Angela Smith testified about her work with Saint Francis Migration Ministries in Kansas, an affiliate of Episcopal Migration Ministries, one of the nine agencies which contract with the U.S. State Department to resettle refugees in this country. The number of resettlements has plummeted under Trump, which Smith argued is affecting the country’s standing in the world.
“This is not who we are. It is not who we want to be,” Smith said. “Refugees enrich our communities throughout the United States. They bring joy, and they make us better.”
And the Rev. Chris Easthill, a deputy with the Convocation of Episcopal Churches in Europe, emphasized that the issues surrounding migration are not exclusive to the United States, and the church can help stem the tide of fear and hate.
“Migration is the big political divide across the globe,” Easthill said. “We need a robust Christian response.”
The hearing came as the bishops and deputies attending General Convention are planning a visible response of their own, with a scheduled trip July 8 to a federal immigration detention facility a little more than a half hour from Austin. A prayer service is planned for about noon outside the T. Don Hutto Residential Center, and the Sunday legislative schedule was adjusted to accommodate those who wished to attend.
The prayer service was arranged in response to the Trump administration’s policy toward immigrant families crossing the border illegally with children, a policy that is referenced directly in Resolution A178 titled, “Halt the Intensification and Implementation of Immigration Policies and Practices that are Harmful to Migrant Women, Parents and Children.”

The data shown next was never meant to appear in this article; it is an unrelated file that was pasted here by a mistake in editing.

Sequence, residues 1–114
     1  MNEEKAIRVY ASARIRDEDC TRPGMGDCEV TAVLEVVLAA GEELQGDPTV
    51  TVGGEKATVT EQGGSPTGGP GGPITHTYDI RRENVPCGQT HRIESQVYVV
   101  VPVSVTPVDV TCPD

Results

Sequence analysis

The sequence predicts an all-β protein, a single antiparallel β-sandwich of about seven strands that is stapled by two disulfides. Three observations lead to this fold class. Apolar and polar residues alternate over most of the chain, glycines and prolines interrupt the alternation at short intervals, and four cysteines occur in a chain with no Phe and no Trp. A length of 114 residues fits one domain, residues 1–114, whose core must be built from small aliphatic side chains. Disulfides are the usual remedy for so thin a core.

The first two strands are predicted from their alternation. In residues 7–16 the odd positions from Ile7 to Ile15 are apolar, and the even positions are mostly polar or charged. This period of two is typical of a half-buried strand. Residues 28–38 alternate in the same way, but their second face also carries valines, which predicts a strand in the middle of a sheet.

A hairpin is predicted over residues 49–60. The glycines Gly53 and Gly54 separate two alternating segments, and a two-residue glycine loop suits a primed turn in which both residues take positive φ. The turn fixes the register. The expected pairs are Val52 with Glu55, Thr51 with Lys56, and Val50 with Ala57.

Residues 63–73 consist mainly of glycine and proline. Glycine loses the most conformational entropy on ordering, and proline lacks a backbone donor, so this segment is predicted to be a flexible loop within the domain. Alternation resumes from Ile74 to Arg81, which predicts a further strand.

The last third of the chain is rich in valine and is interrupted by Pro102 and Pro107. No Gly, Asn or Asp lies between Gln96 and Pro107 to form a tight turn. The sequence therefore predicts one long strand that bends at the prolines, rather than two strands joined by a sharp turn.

The policy also was cited July 7 during testimony at the joint hearing on immigration.
Bishop Juan David Alvarado of the Anglican-Episcopal Church in El Salvador testified in Spanish with an English interpreter to tell the committees the natural and human-made disasters the country’s people have suffered through, from earthquakes to floods to civil war. Salvadoran immigrants seeking to enter the United States are driven by thoughts of safety, family and opportunity, he said.
“The policy of zero tolerance in this country affect greatly the region of Central America,” Alvarado said in supporting Resolution C033.
Several people called for language in the resolutions that strengthened the call to action or provided more specifics about the urgency of these issues. Others said it was important simply for the church to take a stand.
“We need a comprehensive statement. We need this statement,” said the Rev. José Rodríguez-Sanjuro, an alternate deputy from the Diocese of Central Florida.
He said his congregation, Jesus of Nazareth Episcopal Church in Orlando, is half immigrants, and many are afraid. He described meeting in his office with a family, the little boy crying. His father already was facing a deadline for deportation, and his mother had to check in later this year with the U.S. Immigration and Customs Enforcement.
“We need a statement that says these families matter to this church,” he said in advocating for Resolution C033. “I’m losing parishioners because of deportation. Give me something I can use to give them hope. Give me something to reinforce the message that this church welcomes you, this church loves you.”
The Rev. Devon Anderson of Minnesota, chair of the domestic policy committee, closed the hearing by thanking those who testified and the more than 100 people who attended.
“Thank you for proclamations of hope and possibility for a presence of our church in the world around advocating for immigrants in our communities,” she said.
Committee deliberations on the resolutions are scheduled for the morning of July 9.
– David Paulsen is an editor and reporter for the Episcopal News Service. He can be reached at firstname.lastname@example.org.